Despite her lifetime around politics, colleagues say she never became consumed by cynicism. She wanted government to work.
"She liked politics and covered it as someone who was not uncritical about it, but was an affectionate student of it," said columnist and former ABC colleague George Will. "As such, she is anthropologically anachronistic, reflective of Washington before tribalism swallowed everything."
Roberts, who was diagnosed with breast cancer in 2002, kept working nearly to the end. She appeared on "This Week" in August, drawing enough concern about her evident weight loss that she released a statement saying "I am doing fine" and that she was looking forward to covering next year's election.
She was married to Steven Roberts for 53 years and they had two children, Lee and Rebecca, and six grandchildren.
Dhaka, Sept 17 (UNB) - A young man who found a wallet containing €2,000 (£1770; $2200) in cash on the street in Rome refused a reward after returning it to its owner, reports BBC.
Mossan Rasal, a 23-year-old Bangladeshi citizen, went directly to the police after spotting the item on the pavement in the Italian capital on Friday.
It was then arranged for the owner to collect the wallet from Mr Rasal.
He was thanked for his honesty but said "I did not do anything exceptional," adding: "That money wasn't mine."
"I didn't know the amount because I didn't count it, I just took everything to the [police] station," Mr Rasal told Italian daily La Repubblica on Sunday.
"It was about being honest, as my family taught me to be," he added.
The wallet also contained several credit cards, a driver's license and personal identification papers, police said.
Mr Rasal, who runs a small stall in central Rome, has been living in the city for seven years. He said that he would be happy if the owner of the wallet, a local businessman, now visited his stall and became a regular customer.
Congo, Sept 17 (AP/UNB) — Police in Congo say 36 people are missing after a boat sank on the Congo River east of the capital, Kinshasa.
The national police said Sunday that about 76 people were rescued after the accident near the Mambutuka locality about 80 kilometers (49 miles) outside Kinshasa.
The boat had been traveling from Balibambi in Mai-Ndombe province to the capital.
The cause of the accident is not immediately known. Boats in the vast nation of Congo are usually overloaded with passengers and cargo, and official manifests don't include all those aboard.
The overcrowding makes it common for boats to capsize.
Road infrastructure in the vast Central African nation is often poor.
Chattogram, Sept 16 (UNB) - Election Commissioner Kabita Khanam on Monday warned that action will be taken if any election official is found involved in providing national identity (NID) and smart cards to Rohingyas.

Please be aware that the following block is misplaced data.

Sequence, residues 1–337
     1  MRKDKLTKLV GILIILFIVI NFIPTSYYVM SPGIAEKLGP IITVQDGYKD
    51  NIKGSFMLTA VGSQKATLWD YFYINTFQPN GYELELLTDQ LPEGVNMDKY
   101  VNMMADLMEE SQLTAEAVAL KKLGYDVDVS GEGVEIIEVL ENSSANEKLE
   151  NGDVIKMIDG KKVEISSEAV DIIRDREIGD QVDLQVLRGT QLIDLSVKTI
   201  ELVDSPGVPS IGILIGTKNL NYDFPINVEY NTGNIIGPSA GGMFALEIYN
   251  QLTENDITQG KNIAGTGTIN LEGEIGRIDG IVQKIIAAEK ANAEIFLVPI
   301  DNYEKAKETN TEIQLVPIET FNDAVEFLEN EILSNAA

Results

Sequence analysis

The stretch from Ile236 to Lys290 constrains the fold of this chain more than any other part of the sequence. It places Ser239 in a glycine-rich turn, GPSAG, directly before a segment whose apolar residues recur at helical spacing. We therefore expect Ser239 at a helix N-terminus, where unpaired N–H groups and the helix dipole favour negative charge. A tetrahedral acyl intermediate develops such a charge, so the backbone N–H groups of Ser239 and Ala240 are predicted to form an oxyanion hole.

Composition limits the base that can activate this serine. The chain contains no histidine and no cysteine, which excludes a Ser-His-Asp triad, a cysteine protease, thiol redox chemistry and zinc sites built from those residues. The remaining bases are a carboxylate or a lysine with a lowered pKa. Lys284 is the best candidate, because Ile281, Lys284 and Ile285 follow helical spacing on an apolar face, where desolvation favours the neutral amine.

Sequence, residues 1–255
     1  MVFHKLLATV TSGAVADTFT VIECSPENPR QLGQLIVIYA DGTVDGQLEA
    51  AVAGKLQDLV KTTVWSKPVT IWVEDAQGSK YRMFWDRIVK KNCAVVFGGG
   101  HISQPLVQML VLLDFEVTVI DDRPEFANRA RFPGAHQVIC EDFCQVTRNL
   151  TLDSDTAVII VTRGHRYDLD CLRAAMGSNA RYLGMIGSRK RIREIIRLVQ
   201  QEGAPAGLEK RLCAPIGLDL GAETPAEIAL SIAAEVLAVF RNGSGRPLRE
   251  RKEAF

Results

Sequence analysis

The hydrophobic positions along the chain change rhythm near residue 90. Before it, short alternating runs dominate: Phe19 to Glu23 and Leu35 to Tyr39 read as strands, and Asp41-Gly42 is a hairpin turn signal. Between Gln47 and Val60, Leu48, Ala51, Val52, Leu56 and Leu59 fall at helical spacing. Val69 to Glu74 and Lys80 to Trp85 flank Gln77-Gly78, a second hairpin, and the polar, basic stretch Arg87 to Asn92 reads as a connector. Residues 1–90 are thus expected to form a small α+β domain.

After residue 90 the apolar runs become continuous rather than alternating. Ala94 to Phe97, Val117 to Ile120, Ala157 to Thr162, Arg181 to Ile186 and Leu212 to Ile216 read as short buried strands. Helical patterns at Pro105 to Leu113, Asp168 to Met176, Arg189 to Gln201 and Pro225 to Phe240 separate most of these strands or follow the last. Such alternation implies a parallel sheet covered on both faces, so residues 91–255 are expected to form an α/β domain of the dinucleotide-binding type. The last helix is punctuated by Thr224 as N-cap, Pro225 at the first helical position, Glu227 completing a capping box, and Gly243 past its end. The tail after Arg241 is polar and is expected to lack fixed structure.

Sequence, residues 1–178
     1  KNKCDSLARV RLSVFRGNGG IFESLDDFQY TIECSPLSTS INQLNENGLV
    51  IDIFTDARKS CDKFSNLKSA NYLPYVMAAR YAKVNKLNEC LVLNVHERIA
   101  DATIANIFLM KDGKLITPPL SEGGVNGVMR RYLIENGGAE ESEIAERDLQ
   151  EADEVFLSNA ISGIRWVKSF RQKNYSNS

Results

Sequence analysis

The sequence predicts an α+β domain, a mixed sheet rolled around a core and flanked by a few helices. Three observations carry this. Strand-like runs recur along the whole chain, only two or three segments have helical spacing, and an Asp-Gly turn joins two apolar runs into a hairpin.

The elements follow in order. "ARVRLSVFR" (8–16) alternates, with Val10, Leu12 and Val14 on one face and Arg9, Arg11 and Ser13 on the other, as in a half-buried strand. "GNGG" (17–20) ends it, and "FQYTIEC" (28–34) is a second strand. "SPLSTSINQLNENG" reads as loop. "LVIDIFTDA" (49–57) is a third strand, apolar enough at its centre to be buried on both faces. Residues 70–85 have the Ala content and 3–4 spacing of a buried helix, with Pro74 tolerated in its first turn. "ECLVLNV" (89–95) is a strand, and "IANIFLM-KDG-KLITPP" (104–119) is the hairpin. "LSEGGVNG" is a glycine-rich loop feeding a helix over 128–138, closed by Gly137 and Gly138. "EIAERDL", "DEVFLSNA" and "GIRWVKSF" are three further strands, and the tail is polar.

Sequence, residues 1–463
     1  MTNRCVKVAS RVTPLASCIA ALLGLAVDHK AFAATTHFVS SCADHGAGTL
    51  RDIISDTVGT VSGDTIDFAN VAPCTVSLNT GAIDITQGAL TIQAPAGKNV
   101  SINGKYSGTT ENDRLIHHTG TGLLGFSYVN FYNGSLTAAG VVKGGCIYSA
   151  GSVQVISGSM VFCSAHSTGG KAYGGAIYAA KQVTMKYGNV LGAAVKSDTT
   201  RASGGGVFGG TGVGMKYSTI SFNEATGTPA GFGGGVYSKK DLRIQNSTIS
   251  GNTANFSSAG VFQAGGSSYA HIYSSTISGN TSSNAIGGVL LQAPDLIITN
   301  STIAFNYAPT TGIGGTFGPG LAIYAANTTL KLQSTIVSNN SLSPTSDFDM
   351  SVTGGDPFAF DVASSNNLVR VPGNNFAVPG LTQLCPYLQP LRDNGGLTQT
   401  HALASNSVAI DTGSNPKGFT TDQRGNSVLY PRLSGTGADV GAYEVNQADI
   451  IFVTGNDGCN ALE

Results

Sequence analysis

“If any election official is found involved in providing national identity (NID) and smart cards to Rohingyas, he or she will be removed,” she said while talking to reporters after a meeting with local election officials in the city.
Kabita said the Election Commission has changed the passwords of all the upazila and thana election offices across the country and introduced new security features in the system so that no Rohingya can be enlisted as a voter.
She also directed all the registration officers, conveners of special committees and Chattogram divisional commissioner to remain alert in this regard.
According to sources at the EC, the Anti-Corruption Commission (ACC) has found that false NID and smart cards were prepared for Rohingyas using an EC laptop which went missing from its Chattogram office.
But the ACC could not confirm whether the laptop was stolen or handed over to someone by election officials.
A total of 46 Rohingyas have so far been identified who were included in the voter list.
The voter ID cards were prepared in 14 thana election offices in six districts with 74 registration forms.
Meanwhile, the EC has blocked the NID server for further investigation into the matter.
By the time, three members of an NID forgery gang were arrested in Chattogram and Cox’s Bazar.
On September 1, an alleged Rohingya robber leader who was killed in a reported gunfight with law enforcers in Teknaf of Cox’s Bazar had an NID card.
Bangladesh is now hosting over 1.1 million Rohingyas. More than 730,000 Rohingya fled to Bangladesh after the Myanmar military launched a brutal offensive targeting the mainly-Muslim ethnic minority on August 25, 2017.